4. Diluting those cells into a few different dilutions — This is done because how many cells you plate determines how many colonies you get, often in an inverse relationship. For example, lower plating densities often produce more colonies than higher plating densities. However, not every lab even uses this step. For example, I know of at least one commercial lab being used by researchers that usually skips it altogether. Others may only use one dilution, which is a problem, as the plating density directly impacts the CFU-f count. That’s also an issue because depending on the number of MSCs in your samples, you may be undercounting CFU-fs.
  5. Plating each dilution in a monolayer culture flask usually in duplicate or triplicate — This is critical as you need verifiable results, so having several identical samples on the same patient allows you to know that your lab procedures are producing reliable and reproducible results. However, again, I know of commonly used commercial labs that again skip this step and just plate one sample per patient as that’s less work in the lab.
  6. Adding “cell food” to that culture flask — There are lots of choices here that all influence that final CFU-f number and many labs do this differently. AMEM or DMEM? FBS (Fetal Bovine Serum) or PL?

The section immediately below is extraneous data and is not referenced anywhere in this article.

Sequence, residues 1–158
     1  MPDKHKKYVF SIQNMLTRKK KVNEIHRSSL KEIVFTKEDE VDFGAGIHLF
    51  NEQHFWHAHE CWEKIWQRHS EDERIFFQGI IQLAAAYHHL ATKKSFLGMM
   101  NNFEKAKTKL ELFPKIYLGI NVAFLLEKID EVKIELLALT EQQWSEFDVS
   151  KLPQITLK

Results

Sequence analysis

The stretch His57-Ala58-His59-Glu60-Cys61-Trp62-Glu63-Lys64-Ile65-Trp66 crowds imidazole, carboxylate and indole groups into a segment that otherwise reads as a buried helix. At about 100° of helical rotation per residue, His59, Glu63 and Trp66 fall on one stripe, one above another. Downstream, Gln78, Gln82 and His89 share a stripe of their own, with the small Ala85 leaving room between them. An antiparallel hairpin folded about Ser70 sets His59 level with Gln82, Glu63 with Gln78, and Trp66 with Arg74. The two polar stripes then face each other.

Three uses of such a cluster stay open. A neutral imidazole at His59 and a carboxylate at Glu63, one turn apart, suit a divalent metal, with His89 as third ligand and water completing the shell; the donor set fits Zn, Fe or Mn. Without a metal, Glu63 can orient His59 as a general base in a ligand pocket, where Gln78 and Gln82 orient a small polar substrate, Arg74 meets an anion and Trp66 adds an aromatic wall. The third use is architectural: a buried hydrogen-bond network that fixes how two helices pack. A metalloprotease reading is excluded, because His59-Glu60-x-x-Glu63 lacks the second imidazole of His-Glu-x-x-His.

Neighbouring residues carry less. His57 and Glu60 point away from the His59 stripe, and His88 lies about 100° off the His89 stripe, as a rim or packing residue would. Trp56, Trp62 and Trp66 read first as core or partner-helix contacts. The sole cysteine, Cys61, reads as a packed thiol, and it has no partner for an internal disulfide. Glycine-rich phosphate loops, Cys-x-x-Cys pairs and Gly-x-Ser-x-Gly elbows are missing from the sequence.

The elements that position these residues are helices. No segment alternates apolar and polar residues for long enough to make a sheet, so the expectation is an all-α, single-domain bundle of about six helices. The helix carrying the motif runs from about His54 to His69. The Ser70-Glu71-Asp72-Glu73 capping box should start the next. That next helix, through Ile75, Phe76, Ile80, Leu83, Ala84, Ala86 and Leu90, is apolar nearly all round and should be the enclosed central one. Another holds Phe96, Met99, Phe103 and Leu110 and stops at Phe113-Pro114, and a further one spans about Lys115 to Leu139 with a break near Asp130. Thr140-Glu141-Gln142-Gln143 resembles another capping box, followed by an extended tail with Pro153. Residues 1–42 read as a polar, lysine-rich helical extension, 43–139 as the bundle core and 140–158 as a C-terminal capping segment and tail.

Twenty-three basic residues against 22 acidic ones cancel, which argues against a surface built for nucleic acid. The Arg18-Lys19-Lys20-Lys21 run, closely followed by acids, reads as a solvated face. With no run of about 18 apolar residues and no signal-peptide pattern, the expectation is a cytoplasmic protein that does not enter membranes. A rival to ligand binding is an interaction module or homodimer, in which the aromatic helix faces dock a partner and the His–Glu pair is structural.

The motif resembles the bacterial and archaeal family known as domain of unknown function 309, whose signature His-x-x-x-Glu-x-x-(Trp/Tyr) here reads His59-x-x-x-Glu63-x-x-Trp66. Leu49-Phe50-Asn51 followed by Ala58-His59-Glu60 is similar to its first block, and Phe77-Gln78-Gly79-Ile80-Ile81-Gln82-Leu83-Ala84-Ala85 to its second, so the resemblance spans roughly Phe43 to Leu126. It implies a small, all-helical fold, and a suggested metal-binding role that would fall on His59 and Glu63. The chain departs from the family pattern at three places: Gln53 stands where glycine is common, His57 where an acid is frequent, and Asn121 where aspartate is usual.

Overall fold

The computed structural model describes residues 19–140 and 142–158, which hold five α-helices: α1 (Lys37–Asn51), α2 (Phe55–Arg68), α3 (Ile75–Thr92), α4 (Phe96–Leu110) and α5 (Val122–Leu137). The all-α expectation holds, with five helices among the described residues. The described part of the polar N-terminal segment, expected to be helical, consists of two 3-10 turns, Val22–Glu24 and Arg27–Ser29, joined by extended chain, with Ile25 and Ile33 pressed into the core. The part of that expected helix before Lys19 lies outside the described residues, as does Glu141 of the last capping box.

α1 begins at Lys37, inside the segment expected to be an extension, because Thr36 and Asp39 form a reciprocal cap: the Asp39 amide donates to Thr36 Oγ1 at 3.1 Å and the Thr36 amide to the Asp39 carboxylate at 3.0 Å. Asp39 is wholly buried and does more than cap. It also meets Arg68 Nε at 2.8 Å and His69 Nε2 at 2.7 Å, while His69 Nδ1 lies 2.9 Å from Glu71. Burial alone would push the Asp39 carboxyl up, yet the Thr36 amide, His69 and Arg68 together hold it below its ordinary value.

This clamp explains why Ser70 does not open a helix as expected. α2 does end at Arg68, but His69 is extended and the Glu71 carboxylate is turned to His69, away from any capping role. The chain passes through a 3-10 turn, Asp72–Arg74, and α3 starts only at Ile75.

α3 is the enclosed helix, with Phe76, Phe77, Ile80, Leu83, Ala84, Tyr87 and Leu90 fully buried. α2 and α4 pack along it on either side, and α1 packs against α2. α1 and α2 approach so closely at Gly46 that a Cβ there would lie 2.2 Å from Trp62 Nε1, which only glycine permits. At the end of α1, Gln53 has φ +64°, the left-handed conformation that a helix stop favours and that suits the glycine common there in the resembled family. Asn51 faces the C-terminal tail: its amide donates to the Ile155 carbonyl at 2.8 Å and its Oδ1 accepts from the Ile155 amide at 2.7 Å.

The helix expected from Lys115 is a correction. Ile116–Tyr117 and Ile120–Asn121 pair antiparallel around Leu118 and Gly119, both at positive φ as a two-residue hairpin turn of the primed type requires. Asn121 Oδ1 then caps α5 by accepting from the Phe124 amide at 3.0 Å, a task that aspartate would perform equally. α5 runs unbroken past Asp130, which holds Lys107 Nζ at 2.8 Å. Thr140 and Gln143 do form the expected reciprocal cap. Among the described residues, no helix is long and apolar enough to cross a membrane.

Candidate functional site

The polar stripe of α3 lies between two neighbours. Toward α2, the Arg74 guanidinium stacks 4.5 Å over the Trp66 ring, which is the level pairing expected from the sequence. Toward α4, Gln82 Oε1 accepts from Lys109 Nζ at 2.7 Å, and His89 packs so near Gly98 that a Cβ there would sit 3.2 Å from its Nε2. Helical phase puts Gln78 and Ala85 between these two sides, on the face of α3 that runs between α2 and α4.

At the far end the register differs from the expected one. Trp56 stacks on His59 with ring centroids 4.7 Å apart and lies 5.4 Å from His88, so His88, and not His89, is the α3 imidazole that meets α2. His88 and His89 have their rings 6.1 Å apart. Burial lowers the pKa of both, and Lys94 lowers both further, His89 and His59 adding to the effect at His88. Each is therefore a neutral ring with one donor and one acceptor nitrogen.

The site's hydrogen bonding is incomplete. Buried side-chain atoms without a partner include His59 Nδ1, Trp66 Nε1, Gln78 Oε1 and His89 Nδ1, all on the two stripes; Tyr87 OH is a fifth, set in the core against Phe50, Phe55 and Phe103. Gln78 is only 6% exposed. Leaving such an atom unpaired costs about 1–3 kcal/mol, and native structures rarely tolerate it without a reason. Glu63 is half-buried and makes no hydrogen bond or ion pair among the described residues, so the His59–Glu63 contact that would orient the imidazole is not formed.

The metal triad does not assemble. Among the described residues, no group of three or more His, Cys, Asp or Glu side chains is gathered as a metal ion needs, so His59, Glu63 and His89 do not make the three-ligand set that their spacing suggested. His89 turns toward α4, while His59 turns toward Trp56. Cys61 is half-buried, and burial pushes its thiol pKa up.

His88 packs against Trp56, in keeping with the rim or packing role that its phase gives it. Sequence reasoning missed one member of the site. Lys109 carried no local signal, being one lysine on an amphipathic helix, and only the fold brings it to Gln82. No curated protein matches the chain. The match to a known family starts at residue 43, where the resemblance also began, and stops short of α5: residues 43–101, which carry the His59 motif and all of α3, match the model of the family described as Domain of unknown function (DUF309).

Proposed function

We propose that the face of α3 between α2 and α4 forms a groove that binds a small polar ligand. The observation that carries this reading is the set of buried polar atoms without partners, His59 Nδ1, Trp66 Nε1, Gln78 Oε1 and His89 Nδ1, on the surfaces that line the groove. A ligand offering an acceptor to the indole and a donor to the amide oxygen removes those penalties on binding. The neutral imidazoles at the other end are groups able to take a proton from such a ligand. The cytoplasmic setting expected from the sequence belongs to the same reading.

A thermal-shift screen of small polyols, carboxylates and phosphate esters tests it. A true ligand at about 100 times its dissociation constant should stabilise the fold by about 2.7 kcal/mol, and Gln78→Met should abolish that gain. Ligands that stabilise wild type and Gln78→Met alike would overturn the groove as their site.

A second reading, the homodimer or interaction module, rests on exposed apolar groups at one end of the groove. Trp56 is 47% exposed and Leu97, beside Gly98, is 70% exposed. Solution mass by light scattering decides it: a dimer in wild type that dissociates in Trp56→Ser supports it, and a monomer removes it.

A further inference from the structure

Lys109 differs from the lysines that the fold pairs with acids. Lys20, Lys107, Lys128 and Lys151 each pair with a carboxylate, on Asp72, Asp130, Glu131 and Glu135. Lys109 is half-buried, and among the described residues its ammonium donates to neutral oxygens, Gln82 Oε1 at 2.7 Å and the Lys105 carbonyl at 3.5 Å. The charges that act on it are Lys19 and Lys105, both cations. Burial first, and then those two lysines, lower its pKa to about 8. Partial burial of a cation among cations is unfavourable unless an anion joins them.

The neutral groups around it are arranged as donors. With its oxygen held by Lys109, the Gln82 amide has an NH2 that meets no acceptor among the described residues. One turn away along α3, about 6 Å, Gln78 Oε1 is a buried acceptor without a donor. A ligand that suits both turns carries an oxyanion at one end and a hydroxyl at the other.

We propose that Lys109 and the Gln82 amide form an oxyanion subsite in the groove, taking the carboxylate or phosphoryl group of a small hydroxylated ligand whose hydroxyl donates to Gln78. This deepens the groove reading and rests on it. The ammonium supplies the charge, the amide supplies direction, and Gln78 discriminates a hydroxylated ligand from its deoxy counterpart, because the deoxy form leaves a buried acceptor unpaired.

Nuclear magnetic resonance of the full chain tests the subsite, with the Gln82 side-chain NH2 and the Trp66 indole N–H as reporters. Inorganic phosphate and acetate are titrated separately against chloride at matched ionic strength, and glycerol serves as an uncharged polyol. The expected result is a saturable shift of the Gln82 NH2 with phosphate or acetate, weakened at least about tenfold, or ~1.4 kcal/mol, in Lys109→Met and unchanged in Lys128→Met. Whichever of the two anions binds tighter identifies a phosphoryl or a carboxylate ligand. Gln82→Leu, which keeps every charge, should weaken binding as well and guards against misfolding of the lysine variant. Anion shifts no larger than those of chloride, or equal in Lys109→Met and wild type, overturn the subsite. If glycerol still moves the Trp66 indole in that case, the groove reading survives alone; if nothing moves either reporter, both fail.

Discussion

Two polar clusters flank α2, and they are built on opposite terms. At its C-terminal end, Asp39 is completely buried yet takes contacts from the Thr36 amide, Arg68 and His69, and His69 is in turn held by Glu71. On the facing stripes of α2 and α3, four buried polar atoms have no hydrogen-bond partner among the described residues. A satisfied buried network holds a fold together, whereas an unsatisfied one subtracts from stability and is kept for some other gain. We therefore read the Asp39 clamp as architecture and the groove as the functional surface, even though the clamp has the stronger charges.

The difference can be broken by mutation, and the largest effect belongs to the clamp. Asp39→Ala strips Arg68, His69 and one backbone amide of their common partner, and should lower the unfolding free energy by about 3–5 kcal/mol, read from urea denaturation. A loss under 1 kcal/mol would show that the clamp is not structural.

7. Incubating these flasks under standardized conditions for 7-10 days — Here, your altitude matters! A lab growing cells in Denver or Vail that doesn’t control the oxygen content of the incubator will produce different CFU-fs than one at sea level. Also, you can grow cells in incubators that remove oxygen (hypoxia) and this also changes the final CFU-f number.
  8. Once colonies have formed, staining these flasks so that the colonies are easily visible and then counting these colonies using a standardized technique — If you think that we have too many variables to keep track of above, you’re about to get truly dizzy with this step. Here, how you count these colonies is critical. The problem is that many times colonies will form close together or overlap. Look closely at the image above from our lab of CFU-f 6 well plates. In some wells you have to ask yourself, is that one colony or two? In addition, some colonies are large and easily counted and others are tiny and may not be counted as a colony. In fact, in our lab, at one point we had three different people reading the colony number just for grins and found that one reader always counted high while another was always more conservative. There are also different computer programs that can do this, but they all count differently and all have various levels you can set that will change the final count. Hence, only one reader, using strict criteria, should ever count these plates and several counts should be performed on each sample for accuracy.